Hmmmm … perhaps Bailey forgot about the first incident because it didn’t adhere to his white-versus-black worldview? His recollection sufficiently jarred, however, he proceeded to profess his further ignorance as it related to the second incident – the July 16, 2022 shooting of 50-year-old Robert Frazier in Georgetown, S.C.
“I don’t yet know what to make of the most recent shooting,” he acknowledged. “We just don’t have enough details.”
Later in the same piece, Bailey reiterated “it’s far too early to make a sound judgment.”
Nonetheless, professed ignorance of the facts failed to stop Bailey from rushing to a definitionally unsound judgment.
“Saying a man had a knife is not enough to declare the cop justified,” he wrote. “This is bright red South Carolina. If the possession of a gun isn’t automatically considered a threat, neither should simply possessing a knife.”
Wait … what?
“Bright red South Carolina?” Like I said … a Democratic campaign mailing.
“Community trust in police is paramount, something that is lacking far too often,” Bailey noted in concluding his woke crayon commentary. “We have to believe SLED won’t conduct a phony investigation and rubber stamp a declaration of the officer’s innocence. My level of skepticism is high, given what I know about how such investigations have been handled within the state and nationally, making it difficult to hold cops to account. We give cops the authority to snuff out life. We must ensure they use that level of force only when necessary.”
I am curious … what exactly does Bailey know about “how such investigations have been handled” in South Carolina? Because he provided absolutely nothing to qualify or justify that statement. All we know, in fact, is that by his own admission he hasn’t so much as the foggiest conception about the incidents leading to those investigations. Oh, and to the extent he is aware of the facts – they actually contradict his preferred narratives.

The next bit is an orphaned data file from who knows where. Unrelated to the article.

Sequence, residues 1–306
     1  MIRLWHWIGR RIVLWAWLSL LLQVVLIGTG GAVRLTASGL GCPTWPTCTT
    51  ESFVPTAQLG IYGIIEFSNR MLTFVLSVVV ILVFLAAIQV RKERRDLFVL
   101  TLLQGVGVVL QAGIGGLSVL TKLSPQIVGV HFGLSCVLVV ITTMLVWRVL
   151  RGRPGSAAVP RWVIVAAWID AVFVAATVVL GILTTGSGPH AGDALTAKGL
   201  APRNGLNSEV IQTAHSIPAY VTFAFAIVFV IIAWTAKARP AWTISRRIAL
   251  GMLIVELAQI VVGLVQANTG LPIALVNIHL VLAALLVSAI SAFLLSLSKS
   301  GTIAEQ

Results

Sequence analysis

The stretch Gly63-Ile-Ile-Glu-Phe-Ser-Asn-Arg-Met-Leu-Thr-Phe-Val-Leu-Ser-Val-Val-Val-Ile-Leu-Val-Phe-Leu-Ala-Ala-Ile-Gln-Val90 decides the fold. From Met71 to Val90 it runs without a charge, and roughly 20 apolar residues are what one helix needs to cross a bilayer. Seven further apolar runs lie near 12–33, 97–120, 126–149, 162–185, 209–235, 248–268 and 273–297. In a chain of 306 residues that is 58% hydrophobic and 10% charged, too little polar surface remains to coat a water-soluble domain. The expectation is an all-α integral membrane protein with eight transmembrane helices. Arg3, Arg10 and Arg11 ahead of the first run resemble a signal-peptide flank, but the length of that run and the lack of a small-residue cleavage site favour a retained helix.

Bailey and I are in agreement on one thing, though: Cops should not be “shielded from the consequences of bad acts.” That is one reason my news outlet has repeatedly championed transparency as it relates to evidence from officer-involved shootings – much of which is currently not subject to disclosure under the Freedom of Information Act (FOIA).
“We should expect full transparency from law enforcement agencies,” I noted earlier this spring. “And independent investigations.”
Indeed we should … and shame on any investigation which fails to provide such transparency and independence. But shame on Bailey for impugning the integrity of those doing the investigating via ignorant, partisan speculation – woke babble which ran expressly counter to the very examples he cited in his piece.
ABOUT THE AUTHOR …
Will Folks is the founding editor of the news outlet you are currently reading. Prior to founding FITSNews, he served as press secretary to the governor of South Carolina. He lives in the Midlands region of the state with his wife and seven children.